Would you say there’s any barrier preventing you from hitting the career target you’ve set for yourself?

Actually, I think I have hit my career target. I say this because my target was just to be very good at my job and at the top. And, today, I can tell you that I am very good at my job.

Any career projections you’re still considering?

(She pauses). Career projection…hmmm. At this point, I am almost at the peak of my career, so I pray to get to the peak. Then, I want to start grooming young journalists. I want to teach all that I have learnt on the job, because for me, nothing beats giving out knowledge from a practical perspective.

What training programmes or short courses have you attended, which you applied on the job that made the most impact for you? 

I have attended a lot of training in the course of my job, as my company places emphasis on training and re-training of staff members.

What suggestions will you give media owners or heads of media business to help boost morale, effectiveness, and reduce toxicity in the workplace?

My advice to media owners will be to always place premium on competence. I am a beneficiary of that policy. Media companies should encourage people who are ready to work and give them due recognition. Promote people who deserve promotion. Do not place people in positions based on requirements other that competence. There were times I got recognitions/ awards I did not even see coming. But that made me understand that people are watching. Also, they should pay staff as and when due.

Stella Iyaji: Gaining additional skills in very important. If you are working for print, learn to write for the online, learn to work for television, even radio. That is the only way to longevity in the industry.  For the media houses, be known for something: is it factual reports, documentaries, features, etc. You must do something that separates you from others.

Were you to reimagine your career, what would you do differently, starting today?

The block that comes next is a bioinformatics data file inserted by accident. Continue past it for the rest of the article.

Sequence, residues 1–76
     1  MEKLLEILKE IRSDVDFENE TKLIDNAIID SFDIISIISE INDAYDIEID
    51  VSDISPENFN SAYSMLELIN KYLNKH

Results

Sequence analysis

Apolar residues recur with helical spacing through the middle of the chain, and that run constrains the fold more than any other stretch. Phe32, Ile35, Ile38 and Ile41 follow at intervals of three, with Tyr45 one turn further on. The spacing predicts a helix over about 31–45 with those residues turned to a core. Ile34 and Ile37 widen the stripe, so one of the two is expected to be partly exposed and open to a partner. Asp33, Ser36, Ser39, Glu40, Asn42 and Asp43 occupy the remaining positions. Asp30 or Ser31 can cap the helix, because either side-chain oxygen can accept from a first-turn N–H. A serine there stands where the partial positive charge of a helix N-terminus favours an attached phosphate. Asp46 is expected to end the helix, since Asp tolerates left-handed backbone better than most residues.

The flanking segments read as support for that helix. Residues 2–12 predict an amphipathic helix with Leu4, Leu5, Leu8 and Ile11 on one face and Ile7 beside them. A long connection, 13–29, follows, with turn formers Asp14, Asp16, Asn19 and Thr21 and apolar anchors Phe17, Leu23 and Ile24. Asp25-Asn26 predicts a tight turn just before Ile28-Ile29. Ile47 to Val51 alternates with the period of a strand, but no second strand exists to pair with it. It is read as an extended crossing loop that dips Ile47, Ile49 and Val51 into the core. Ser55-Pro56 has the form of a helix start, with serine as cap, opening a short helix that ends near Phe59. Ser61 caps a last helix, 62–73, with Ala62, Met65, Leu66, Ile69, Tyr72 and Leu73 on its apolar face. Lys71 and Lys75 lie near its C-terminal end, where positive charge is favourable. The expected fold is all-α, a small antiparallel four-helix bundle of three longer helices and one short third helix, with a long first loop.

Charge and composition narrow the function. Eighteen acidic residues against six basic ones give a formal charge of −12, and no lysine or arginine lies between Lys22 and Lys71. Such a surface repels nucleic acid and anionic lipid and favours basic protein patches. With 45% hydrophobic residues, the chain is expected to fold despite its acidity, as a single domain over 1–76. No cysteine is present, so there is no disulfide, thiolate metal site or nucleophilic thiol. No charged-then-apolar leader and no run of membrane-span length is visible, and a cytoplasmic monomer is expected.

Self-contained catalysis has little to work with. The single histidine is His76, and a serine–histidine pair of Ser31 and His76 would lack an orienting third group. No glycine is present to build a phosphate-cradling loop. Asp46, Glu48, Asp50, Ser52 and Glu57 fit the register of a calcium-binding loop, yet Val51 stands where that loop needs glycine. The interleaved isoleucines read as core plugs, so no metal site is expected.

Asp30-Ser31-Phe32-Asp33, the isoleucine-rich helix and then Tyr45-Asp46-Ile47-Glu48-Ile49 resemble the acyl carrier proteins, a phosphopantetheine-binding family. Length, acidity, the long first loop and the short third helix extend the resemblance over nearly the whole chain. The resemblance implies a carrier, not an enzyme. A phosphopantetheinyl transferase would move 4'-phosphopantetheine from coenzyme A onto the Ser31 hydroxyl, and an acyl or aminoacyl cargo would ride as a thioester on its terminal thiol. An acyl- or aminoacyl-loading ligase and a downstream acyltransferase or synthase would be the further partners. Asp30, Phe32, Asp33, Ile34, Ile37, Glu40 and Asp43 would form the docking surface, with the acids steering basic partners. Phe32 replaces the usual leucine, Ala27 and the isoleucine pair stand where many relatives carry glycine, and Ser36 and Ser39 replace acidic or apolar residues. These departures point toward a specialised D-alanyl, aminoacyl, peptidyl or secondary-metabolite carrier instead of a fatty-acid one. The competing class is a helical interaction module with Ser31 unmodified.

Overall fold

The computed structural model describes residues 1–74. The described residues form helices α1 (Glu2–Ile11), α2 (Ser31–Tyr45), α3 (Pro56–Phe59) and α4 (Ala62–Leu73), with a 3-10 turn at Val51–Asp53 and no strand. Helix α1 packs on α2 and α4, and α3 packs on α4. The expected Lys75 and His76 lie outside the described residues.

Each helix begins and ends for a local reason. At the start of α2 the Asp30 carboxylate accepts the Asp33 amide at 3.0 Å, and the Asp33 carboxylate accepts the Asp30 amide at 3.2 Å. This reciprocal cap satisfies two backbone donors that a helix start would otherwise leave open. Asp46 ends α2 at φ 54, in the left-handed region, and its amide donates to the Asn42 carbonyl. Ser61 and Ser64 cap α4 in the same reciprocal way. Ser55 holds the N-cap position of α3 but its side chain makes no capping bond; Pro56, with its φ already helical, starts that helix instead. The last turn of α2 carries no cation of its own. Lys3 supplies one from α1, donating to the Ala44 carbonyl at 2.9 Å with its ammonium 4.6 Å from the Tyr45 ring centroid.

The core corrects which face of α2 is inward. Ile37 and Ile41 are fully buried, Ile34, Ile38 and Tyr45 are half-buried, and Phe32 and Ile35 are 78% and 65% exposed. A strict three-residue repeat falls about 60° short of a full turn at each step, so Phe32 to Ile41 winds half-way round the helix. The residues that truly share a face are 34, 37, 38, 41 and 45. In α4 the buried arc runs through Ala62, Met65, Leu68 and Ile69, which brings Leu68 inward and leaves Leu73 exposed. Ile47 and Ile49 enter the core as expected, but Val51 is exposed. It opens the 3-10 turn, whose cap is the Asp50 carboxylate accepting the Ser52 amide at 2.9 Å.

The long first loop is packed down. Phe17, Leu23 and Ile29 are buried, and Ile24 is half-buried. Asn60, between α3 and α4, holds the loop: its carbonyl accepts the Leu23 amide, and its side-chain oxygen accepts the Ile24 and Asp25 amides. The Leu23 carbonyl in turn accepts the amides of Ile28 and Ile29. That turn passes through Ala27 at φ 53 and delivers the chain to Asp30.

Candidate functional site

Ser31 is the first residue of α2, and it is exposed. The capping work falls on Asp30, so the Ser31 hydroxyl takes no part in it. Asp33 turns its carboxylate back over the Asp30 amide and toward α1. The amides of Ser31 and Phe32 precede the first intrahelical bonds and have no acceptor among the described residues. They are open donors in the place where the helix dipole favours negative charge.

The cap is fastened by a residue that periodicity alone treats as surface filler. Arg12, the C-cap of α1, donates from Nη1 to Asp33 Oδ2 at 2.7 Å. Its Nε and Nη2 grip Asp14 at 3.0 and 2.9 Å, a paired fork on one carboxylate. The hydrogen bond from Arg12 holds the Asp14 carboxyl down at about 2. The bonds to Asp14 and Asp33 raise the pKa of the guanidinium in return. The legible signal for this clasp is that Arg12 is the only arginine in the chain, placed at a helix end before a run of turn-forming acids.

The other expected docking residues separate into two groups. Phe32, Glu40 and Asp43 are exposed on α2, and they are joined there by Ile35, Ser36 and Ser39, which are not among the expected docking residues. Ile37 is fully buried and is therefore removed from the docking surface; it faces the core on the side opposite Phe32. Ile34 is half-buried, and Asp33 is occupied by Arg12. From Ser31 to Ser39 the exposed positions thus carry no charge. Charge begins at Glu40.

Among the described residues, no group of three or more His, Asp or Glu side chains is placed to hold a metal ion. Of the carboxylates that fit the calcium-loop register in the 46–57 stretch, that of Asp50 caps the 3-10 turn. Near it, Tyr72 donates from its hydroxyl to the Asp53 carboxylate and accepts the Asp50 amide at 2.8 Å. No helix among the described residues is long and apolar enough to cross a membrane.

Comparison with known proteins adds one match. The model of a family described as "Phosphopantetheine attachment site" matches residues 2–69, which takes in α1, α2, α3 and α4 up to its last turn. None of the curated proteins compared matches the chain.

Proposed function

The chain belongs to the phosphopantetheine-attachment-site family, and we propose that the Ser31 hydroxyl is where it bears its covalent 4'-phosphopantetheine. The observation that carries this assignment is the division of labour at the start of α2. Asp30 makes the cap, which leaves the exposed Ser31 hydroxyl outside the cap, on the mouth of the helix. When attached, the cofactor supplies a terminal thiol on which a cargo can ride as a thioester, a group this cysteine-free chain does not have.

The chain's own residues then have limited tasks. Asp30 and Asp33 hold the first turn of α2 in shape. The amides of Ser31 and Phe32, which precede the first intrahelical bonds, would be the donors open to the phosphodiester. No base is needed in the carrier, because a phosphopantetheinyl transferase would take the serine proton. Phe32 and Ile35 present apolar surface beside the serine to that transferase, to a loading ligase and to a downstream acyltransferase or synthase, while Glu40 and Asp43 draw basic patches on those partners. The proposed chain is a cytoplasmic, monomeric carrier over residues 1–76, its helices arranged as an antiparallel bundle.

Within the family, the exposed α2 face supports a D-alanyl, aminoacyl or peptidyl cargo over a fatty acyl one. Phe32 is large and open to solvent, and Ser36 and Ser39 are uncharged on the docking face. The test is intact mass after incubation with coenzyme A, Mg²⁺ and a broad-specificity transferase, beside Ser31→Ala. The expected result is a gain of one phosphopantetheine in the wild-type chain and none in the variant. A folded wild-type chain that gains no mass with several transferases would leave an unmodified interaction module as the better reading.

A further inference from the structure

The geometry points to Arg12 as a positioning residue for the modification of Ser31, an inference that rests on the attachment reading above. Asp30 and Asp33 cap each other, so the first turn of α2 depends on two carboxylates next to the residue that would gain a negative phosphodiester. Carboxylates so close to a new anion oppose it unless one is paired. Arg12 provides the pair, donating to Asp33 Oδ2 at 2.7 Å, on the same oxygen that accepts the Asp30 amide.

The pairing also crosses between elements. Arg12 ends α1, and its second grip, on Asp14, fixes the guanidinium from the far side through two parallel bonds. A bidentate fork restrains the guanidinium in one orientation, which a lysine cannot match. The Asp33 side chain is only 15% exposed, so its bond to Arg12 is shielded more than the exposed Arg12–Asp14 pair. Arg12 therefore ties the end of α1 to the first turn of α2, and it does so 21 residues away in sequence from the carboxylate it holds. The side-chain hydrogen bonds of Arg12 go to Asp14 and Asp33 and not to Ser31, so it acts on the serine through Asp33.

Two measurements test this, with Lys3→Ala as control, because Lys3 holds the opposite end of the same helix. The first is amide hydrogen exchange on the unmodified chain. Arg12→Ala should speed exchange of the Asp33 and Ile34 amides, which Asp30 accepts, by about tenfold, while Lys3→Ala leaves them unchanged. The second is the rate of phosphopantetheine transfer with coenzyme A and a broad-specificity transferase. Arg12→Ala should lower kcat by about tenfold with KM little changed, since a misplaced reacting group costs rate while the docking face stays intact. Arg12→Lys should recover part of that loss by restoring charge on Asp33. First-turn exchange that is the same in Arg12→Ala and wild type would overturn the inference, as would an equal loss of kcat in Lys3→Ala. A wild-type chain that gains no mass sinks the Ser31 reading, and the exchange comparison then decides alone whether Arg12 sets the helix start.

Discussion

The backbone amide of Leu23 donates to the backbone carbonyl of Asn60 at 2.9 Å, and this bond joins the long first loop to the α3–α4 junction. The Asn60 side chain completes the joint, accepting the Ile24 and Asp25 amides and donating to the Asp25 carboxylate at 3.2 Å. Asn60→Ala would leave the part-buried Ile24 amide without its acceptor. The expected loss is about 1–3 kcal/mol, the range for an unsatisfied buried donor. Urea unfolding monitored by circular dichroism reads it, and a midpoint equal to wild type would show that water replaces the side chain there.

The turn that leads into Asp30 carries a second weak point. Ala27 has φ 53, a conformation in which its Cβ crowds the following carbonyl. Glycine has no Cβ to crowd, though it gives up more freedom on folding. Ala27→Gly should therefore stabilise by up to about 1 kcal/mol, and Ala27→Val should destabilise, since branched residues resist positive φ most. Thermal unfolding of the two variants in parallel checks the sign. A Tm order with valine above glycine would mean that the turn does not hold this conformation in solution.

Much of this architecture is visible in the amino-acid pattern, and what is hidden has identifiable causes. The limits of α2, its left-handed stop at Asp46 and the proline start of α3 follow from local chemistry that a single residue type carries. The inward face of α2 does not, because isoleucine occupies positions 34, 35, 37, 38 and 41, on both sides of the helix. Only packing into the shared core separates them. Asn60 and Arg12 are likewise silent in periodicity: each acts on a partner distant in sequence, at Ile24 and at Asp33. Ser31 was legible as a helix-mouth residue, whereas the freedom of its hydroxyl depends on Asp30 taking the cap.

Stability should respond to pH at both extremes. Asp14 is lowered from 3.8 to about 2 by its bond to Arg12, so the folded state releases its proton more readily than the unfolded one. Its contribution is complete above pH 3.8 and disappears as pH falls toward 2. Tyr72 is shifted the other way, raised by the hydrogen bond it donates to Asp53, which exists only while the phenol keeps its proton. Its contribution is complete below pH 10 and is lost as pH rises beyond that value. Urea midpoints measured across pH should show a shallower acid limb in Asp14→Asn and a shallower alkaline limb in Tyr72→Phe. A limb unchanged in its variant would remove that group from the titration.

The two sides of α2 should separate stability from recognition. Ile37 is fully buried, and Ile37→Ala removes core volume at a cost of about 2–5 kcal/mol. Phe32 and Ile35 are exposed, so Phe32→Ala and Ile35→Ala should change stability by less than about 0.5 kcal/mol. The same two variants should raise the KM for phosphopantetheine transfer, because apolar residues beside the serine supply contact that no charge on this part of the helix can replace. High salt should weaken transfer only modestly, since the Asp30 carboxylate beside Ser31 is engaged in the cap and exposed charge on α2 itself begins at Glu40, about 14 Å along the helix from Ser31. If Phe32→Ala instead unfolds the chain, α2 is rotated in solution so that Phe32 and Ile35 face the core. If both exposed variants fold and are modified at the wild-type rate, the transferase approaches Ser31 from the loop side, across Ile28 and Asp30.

Actually, there is nothing I will want to do differently. It has been a beautiful and fulfilling ride so far.

How would you describe the media landscape and the disruptions that will affect the role of Women and men in the media industry?

The media landscape has changed and anyone who wants to be in the industry must learn to think outside the box. He/ she must be ready to work across platforms. Gaining additional skills in very important. If you are working for print, learn to write for the online, learn to work for television, even radio. That is the only way to longevity in the industry.  For the media houses, be known for something: is it factual reports, documentaries, features, etc. You must do something that separates you from others.

How and what can women in media begin to do differently and better to hold their own space within the media industry?

Sadly, the profession is still tilted towards the men. The women have to prove themselves that they can do it before they are taken seriously. Therefore, women must show by their work that they deserve a seat at the table. Journalism is one area where competence does not hide, just as incompetence is very visible. So, only your work can speak for you and women must recognize that right from the beginning. As women in journalism, you cannot afford to think that anything will be given to you on a platter. Don’t forget, it’s a business for the owners and only those who can deliver will be allowed to handle certain duties.